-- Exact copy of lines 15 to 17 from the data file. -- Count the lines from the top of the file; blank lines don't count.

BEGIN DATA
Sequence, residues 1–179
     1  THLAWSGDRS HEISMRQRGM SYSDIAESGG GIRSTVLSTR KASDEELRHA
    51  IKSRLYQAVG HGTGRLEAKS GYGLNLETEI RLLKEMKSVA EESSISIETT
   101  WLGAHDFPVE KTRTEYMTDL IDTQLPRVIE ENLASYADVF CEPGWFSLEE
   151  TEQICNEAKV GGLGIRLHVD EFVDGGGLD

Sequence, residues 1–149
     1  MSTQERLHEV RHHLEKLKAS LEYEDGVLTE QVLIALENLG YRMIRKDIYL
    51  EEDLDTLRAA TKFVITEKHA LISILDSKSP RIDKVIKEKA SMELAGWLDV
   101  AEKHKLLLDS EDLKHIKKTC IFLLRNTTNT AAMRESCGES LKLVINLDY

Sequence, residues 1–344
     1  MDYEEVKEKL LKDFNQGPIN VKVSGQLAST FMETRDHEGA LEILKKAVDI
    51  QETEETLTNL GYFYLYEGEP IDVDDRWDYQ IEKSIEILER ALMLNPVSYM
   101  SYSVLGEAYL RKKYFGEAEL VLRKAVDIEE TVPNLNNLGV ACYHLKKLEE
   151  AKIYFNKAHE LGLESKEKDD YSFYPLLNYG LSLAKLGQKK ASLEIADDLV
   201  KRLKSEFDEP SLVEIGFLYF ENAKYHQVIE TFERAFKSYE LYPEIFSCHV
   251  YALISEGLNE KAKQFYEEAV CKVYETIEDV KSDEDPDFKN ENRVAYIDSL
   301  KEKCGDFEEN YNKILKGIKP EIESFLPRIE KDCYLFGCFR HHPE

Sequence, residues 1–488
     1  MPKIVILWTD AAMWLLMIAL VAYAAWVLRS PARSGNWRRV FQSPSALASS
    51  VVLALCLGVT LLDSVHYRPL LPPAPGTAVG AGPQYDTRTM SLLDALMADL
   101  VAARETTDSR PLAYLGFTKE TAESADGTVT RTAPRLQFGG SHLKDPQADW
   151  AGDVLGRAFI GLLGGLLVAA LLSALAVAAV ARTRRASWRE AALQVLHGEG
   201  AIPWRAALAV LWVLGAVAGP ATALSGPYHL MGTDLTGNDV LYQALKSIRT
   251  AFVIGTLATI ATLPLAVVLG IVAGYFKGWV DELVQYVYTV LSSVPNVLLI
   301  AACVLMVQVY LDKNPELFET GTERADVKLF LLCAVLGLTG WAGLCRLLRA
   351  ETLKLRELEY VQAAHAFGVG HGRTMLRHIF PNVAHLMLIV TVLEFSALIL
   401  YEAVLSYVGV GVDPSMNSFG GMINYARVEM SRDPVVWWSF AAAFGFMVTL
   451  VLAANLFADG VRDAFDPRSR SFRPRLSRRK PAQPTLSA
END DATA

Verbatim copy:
   201  KRLKSEFDEP SLVEIGFLYF ENAKYHQVIE TFERAFKSYE LYPEIFSCHV
   251  YALISEGLNE KAKQFYEEAV CKVYETIEDV KSDEDPDFKN ENRVAYIDSL
   301  KEKCGDFEEN YNKILKGIKP EIESFLPRIE KDCYLFGCFR HHPE